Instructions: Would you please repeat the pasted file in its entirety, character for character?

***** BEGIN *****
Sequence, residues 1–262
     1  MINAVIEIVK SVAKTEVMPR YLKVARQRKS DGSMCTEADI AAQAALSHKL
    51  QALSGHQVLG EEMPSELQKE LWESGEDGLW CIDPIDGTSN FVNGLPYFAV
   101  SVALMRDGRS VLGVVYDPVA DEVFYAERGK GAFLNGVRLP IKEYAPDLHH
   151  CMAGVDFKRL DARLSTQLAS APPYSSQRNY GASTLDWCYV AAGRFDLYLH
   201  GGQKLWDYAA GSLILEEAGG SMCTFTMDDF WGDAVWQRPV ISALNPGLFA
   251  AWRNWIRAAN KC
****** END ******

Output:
Sequence, residues 1–262
     1  MINAVIEIVK SVAKTEVMPR YLKVARQRKS DGSMCTEADI AAQAALSHKL
    51  QALSGHQVLG EEMPSELQKE LWESGEDGLW CIDPIDGTSN FVNGLPYFAV
   101  SVALMRDGRS VLGVVYDPVA DEVFYAERGK GAFLNGVRLP IKEYAPDLHH
   151  CMAGVDFKRL DARLSTQLAS APPYSSQRNY GASTLDWCYV AAGRFDLYLH
   201  GGQKLWDYAA GSLILEEAGG SMCTFTMDDF WGDAVWQRPV ISALNPGLFA
   251  AWRNWIRAAN KC